At AIDS United, we understand that HIV continues to thrive through complex and deep-rooted social and economic inequities. We will not be successful in our mission of ending AIDS in America without tackling tough issues like poverty, racism, homophobia, transphobia, misogyny, and mass incarceration in an intersectional and holistic way.

We know we don’t have all the answers, but we refuse to sit on the sidelines as HIV continues to disproportionately impact communities across the country.

Southern REACH

Fighting for Social Justice and an End to AIDS in the South

Through Southern REACH, we are funding 28 organizations in nine Deep South states heavily impacted by HIV/AIDS, to challenge HIV by addressing the disparities and social injustices that fuel the epidemic.

Grantees are charging forward on important topics like mobilizing voters, educating local and state governments, and expanding HIV- related legal services. They are also on the forefront of the fight against HIV criminalization laws.

This work has been generously supported by the Ford Foundation for over 10 years. Learn more at

The South is home to just 37% of the total U.S. population, yet experiences almost half (49%) of all new HIV diagnoses.

Further, according to a recent Centers for Disease Control & Prevention (CDC) analysis, death rates among people living with HIV in the South are three times higher than those in other parts of the country. These striking statistics are only further compounded by the near universal refusal to expand Medicaid throughout the region.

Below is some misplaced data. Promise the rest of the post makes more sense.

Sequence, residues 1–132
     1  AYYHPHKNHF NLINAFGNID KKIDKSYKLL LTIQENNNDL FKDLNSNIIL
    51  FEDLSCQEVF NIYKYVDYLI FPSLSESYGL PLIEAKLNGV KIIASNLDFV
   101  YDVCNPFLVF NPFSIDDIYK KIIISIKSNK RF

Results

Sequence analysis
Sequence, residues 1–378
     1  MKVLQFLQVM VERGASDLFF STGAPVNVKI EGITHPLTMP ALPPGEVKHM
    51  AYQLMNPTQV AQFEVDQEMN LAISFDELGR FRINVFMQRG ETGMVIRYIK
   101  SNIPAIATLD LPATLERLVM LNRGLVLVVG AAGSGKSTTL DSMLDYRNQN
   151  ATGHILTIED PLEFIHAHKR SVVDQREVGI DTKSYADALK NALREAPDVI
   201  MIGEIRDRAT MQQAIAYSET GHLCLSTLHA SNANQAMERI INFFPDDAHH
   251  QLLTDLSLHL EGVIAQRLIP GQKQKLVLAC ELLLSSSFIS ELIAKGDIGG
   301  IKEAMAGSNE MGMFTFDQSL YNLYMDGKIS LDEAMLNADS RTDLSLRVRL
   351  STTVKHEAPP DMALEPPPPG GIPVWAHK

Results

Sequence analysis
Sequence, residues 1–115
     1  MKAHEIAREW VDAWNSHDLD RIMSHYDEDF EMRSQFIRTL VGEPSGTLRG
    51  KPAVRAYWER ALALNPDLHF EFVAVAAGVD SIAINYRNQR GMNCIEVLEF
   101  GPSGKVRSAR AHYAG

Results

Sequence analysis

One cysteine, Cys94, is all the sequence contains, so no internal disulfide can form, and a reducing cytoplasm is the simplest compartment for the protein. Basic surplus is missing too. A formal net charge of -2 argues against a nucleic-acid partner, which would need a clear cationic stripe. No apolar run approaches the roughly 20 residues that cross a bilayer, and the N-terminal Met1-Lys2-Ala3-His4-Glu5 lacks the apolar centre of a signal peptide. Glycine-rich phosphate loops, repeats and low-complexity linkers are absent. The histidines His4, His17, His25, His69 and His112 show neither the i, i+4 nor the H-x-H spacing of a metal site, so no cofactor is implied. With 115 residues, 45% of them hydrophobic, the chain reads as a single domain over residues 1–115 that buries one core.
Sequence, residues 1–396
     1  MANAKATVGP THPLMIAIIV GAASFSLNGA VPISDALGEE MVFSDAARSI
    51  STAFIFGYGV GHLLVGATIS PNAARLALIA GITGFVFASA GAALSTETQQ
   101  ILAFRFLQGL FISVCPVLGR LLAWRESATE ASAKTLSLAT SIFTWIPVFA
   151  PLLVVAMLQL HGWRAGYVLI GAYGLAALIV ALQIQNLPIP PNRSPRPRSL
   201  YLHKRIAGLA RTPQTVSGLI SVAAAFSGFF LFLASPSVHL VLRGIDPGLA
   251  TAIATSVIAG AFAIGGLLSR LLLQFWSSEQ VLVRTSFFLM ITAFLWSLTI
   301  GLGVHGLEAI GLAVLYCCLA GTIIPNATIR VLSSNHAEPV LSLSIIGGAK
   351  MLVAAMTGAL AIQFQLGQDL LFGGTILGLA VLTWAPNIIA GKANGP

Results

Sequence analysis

Legal Services Southern Piedmont

Helping People Living with HIV Focus on Health

Legal Services Southern Piedmont (LSSP), a Southern REACH grantee for more than 4 years, creates and enhances access to legal services for low-income people living with and impacted by HIV. These legal services have helped hundreds of people access benefits and other government programs that help them meet their most basic needs. Since 2013, they have secured over $950,000 in Medicaid, Social Security benefits, and other benefits for clients living with HIV.

Frank* came to LSSP looking for legal help with a Social Security overpayment. Frank was deemed disabled when he was diagnosed with HIV in the early 1990s. At that time, his T cell count was below 150. In 1998, he earned a few dollars over the permitted level for Social Security Disability recipients and accidentally failed to report the additional income. When Frank started looking for a better job in 2012, he voluntarily reported all his past work to Social Security. Social Security used this information against him and terminated his benefits back to the date of excess work in 1998. This caused an overpayment of more than $120,000 in benefits. Frank never knew that he was ineligible for these benefits and relied on them for more than 15 years.

A LSSP attorney helped Frank appeal the decision and represented him at his hearing. With the help of his attorney, Frank won the appeal and the overpayment was waived. Frank’s attorney also helped him obtain Medicaid and food stamp benefits.

In a letter to his attorney, Frank wrote:

“LSSP has helped me so much! The stress, financial strain, and anxiety is all gone! Now I can focus on wellness and moving forward. Thank you so much!”

*name was changed to protect privacy